Table 2 Laboratory investigations in children with COVID-19

Investigations
SARS-CoV-2 status (n = 31)
   RT-PCR for SARS-CoV-2 positive31 (100%)
   Duration of RT-PCR positivity in days (n = 17)16 (12–19)
Range (3–35)
Hematology and biochemistry (n = 8)
   Hb g/dL10.8 (10–12)
   Total leucocyte count (×109/L)11,750 (4400–23,675)
   Lymphocyte count (n = 6) (×109/L)
   Lymphopenia (n)
4874 (2061–7301)
1 (16%)
   Platelet count (×109/L)138.5 (116.5–377.5)
   Albumin g/dL3.5 (1.7–4.3)
   AST U/L33 (21–53)
   ALT U/L31 (10–51)
   Sodium mmol/L140 (139–143)
   Urea mg/dL19.5 (13–27)
   Creatinine mg/dL0.37 (0.22–0.49)
   CRP (n = 7) mg/L
   Elevated CRP (>10)
4.5 (0.4–41)
3 (43%)
   Chest radiograph (n = 7)
     Normal
     Infiltrates
4 (57%)
3 (43%)
Data presented are in numbers (%) or median (interquartile range)

The severity classification of COVID-19 is as follows; asymptomatic [n = 18, 58%], mild [n = 7, 23%], moderate [n = 1, 3%], severe [n = 4, 13%], critical [n = 1, 3%]. Three children each were admitted to HDU and ICU respectively. Of 3 children who were invasively ventilated, one child was non-hypoxemic and required mechanical ventilation due to underlying neurodevelopmental illness and status epilepticus. Other two children had underlying congenital heart disease with pneumonia, heart failure and hypoxemia. Hypotensive shock was noted in 4 children; two in children with congenital heart disease and one in a child with severe diarrhea and hypovolemia. Antibiotics (ceftriaxone and/or azithromycin) were used in 6 children and 2 received steroids. Empirical oseltamivir was given in 3 children until H1N1 influenza infection was excluded. None of the children in the present cohort received hydroxychloroquine or repurposed antivirals. At the time of writing, 29 (94%) were discharged, 1 (3%) is still admitted to hospital for ongoing management of comorbidities after being tested negative for SARS-CoV-2 and 1 (3%) died. Median (IQR) length of hospital stay in survivors was 15 (11–20) d (Table 3). Follow-up RT-PCR before discharge was performed in 17 children and the median (IQR) duration to RT-PCR negativity was 16 (12–19) d. One child tested negative only after 35 d of hospitalization.

Table 3 Treatment, and outcome

Variablesn (%)
Level of care
   Isolation ward
   HDU
25 (80%)
3 (10%)
   ICU3 (10%)
Organ supportive therapies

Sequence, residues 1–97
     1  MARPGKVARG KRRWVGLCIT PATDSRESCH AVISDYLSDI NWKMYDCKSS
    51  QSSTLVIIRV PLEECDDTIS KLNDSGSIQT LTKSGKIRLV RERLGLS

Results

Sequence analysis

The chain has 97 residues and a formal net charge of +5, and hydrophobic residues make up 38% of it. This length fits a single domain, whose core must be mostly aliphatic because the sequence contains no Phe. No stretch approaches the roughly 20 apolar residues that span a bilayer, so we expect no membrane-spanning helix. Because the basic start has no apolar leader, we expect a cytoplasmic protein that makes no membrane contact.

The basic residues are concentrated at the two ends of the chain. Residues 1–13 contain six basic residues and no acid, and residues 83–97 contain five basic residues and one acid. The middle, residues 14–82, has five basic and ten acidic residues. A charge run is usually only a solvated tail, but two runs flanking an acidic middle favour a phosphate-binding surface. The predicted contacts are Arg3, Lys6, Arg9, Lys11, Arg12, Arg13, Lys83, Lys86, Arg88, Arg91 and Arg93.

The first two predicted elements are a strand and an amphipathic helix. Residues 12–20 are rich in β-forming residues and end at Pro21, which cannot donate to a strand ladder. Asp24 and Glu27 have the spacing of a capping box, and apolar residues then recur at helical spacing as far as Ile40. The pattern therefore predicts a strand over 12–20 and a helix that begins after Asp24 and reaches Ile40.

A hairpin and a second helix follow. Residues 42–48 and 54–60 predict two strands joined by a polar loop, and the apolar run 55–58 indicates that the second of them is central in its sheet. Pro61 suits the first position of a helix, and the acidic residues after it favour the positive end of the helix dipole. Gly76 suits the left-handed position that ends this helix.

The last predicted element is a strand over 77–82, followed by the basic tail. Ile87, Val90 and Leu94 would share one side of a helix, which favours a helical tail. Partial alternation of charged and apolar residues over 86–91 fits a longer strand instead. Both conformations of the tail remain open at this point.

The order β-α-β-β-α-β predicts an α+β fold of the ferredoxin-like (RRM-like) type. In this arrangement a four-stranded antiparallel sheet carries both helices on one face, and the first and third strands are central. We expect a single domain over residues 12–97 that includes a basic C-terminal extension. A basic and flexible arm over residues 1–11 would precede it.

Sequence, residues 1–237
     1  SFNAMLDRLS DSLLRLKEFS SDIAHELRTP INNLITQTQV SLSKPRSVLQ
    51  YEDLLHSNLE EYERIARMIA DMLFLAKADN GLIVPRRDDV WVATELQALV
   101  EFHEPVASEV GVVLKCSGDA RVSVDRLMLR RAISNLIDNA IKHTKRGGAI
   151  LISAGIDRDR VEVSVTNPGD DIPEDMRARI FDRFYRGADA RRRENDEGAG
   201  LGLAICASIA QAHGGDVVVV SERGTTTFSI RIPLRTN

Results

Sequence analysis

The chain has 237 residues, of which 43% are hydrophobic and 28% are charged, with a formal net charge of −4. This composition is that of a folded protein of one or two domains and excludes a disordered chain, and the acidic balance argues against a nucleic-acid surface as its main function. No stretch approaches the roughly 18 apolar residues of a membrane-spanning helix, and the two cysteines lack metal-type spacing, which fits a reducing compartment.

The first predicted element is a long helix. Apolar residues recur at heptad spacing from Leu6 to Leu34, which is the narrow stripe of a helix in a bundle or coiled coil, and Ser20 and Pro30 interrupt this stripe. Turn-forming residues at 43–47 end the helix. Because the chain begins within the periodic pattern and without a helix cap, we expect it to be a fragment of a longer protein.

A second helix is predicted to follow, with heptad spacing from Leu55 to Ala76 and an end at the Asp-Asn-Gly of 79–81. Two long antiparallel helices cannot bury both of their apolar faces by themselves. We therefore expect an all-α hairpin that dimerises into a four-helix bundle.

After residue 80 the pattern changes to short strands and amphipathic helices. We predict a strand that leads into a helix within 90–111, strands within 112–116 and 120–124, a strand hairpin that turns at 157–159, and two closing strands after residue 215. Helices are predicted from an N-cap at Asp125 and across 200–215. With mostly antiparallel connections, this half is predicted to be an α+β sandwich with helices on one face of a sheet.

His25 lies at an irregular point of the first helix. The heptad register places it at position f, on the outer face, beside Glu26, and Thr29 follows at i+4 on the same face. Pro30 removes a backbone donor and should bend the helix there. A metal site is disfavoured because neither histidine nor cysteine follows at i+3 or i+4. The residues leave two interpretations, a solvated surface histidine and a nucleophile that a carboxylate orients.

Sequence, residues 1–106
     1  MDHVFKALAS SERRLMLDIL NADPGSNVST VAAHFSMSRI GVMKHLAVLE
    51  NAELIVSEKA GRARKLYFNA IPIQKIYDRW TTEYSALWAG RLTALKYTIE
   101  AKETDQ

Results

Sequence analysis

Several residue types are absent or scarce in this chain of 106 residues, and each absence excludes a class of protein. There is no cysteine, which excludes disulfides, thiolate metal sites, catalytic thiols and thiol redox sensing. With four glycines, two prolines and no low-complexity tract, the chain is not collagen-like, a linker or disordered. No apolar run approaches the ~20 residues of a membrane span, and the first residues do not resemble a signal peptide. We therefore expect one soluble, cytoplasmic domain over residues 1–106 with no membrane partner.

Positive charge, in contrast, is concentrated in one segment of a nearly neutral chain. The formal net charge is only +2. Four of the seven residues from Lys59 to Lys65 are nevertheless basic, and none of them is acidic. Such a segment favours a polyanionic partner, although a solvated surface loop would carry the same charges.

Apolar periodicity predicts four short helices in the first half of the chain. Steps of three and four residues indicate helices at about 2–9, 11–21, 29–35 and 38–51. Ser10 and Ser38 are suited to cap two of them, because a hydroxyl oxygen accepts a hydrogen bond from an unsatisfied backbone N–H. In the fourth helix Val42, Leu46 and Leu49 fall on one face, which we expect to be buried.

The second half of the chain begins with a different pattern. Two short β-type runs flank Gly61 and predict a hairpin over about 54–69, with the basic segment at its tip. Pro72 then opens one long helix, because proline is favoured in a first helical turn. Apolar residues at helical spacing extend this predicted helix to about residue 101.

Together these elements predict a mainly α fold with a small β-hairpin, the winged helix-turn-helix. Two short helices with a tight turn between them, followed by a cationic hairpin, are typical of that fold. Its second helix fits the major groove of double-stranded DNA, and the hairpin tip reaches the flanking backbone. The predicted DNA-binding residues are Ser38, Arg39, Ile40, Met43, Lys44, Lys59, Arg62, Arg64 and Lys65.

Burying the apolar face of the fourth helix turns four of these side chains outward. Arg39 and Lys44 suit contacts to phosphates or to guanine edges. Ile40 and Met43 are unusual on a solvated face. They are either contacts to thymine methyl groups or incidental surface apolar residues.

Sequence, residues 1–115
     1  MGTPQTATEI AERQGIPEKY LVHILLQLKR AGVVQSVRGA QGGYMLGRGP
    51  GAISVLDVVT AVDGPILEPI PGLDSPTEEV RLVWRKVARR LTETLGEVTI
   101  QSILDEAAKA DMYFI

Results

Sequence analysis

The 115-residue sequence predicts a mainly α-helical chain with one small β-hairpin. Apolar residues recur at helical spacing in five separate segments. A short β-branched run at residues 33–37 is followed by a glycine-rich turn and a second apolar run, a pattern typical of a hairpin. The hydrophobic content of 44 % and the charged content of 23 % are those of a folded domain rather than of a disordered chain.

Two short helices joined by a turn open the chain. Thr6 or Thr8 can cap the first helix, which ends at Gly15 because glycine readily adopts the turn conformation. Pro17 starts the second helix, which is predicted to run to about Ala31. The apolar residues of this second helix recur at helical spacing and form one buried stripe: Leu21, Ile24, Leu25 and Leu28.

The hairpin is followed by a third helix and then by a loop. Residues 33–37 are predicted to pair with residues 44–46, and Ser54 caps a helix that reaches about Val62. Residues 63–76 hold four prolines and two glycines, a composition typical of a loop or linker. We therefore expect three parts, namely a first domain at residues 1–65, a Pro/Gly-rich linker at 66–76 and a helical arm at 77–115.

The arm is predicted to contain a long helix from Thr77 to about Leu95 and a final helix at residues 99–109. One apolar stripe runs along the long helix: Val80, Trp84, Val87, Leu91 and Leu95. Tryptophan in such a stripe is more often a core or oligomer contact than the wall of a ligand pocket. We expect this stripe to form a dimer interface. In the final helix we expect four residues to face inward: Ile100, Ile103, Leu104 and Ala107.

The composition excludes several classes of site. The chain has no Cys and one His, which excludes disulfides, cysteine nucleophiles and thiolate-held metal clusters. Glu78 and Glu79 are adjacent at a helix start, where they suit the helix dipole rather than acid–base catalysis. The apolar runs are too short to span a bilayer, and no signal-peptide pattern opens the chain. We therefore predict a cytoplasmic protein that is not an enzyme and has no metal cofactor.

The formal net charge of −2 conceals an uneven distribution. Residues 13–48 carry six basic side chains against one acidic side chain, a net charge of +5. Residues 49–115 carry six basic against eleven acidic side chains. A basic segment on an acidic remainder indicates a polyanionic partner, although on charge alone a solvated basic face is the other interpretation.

Respiratory support5 (16%)
      Supplemental oxygen2 (6%)
a CPAP1 (3%)
      Mechanical ventilation3 (10%)
   Shock4 (13%)
      Vasoactive/inotrope agent infusion3 (10%)
      Temporary transvenous pacing1 (3%)
Drug treatment
  Antibiotics6 (19%)
     Azithromycin1 (3%)
Oseltamivir3 (10%)
Steroids2 (6%)
Outcome
   Discharged29 (94%)
   Still in hospital1 (3%)
   Died1 (3%)
   Length of hospital stay in days. Median (IQR)15 (11–20)
aalso received invasive mechanical ventilation

Discussion
In this study, the authors describe the clinico-epidemiological profile and outcome of an early cohort of children admitted to a dedicated COVID hospital of a tertiary level teaching hospital. As it was the initial phase of the pandemic with extended lockdown and closure of schools and outdoor activities, the primary source of infection for children was a household contact, as seen in the present cohort [12]. The authors observed that fever and respiratory symptoms predominated in the symptomatic children. Gastrointestinal symptoms were the next common manifestations. Observational studies across the world have reported similar frequency of symptoms [13,14,15,16]. A systematic review of 27 studies showed fever to be present in half  (41%–58%) followed by cough (39%–51%) and rapid breathing (6%–17%). Gastrointestinal symptoms, particularly diarrhea was noted in 6%–13% children [17]. A wide range in severity of the disease has been reported in studies depending on the cohort (community and/or hospital based) and hospital admission criteria, but overall, severe and critical COVID-19 was less common, observed only in 1–5% of children [17,18,19,20]. About 16% (n = 5) children had severe or critical illness in the present study, a higher figure compared to other reports, however, limited sample size, underlying comorbidities and referral bias may have influenced this representation. The authors observed that the illness tended to be severe in younger infants and children with cardiovascular or respiratory comorbidities. Of the 3 children who required mechanical ventilation, 2 were infants with underlying congenital heart disease (shunt lesion and heart block) who presented with heart failure. One of them, a young infant developed acute respiratory distress syndrome and succumbed to the illness. Young children, particularly infants seem to be at increased risk of critical disease and mortality [8]. In a large pediatric study from China, the proportion of severe and critical cases were 10.6% and 7.3% for ˂1 and 1–5 y age groups as compared to 3%–4% for older children [4]. In common with adults, underlying comorbidities increases the risk for severe disease and intensive care admission in children [21]. In a brief report from UK, 4 out of 5 (80%) children with comorbidities had multiorgan involvement [22]. In a study involving 48 children with COVID-19 admitted to 14 PICUs in the US, more than 80% had significant underlying medical conditions [23].